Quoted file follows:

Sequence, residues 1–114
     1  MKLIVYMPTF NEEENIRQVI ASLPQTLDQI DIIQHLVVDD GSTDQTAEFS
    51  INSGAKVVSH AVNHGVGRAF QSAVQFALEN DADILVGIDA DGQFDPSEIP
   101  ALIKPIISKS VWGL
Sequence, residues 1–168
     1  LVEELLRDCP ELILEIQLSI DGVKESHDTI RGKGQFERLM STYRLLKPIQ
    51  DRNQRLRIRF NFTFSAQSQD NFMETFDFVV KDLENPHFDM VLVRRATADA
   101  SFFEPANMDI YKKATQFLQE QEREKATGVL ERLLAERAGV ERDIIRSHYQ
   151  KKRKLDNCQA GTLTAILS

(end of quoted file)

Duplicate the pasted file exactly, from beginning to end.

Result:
Sequence, residues 1–114
     1  MKLIVYMPTF NEEENIRQVI ASLPQTLDQI DIIQHLVVDD GSTDQTAEFS
    51  INSGAKVVSH AVNHGVGRAF QSAVQFALEN DADILVGIDA DGQFDPSEIP
   101  ALIKPIISKS VWGL
Sequence, residues 1–168
     1  LVEELLRDCP ELILEIQLSI DGVKESHDTI RGKGQFERLM STYRLLKPIQ
    51  DRNQRLRIRF NFTFSAQSQD NFMETFDFVV KDLENPHFDM VLVRRATADA
   101  SFFEPANMDI YKKATQFLQE QEREKATGVL ERLLAERAGV ERDIIRSHYQ
   151  KKRKLDNCQA GTLTAILS